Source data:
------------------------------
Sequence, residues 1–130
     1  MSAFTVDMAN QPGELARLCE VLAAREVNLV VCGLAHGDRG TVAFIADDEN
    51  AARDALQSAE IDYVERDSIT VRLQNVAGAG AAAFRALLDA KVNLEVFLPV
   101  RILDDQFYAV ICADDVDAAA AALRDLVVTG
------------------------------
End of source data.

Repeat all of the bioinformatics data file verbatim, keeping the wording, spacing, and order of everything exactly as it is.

Sequence, residues 1–130
     1  MSAFTVDMAN QPGELARLCE VLAAREVNLV VCGLAHGDRG TVAFIADDEN
    51  AARDALQSAE IDYVERDSIT VRLQNVAGAG AAAFRALLDA KVNLEVFLPV
   101  RILDDQFYAV ICADDVDAAA AALRDLVVTG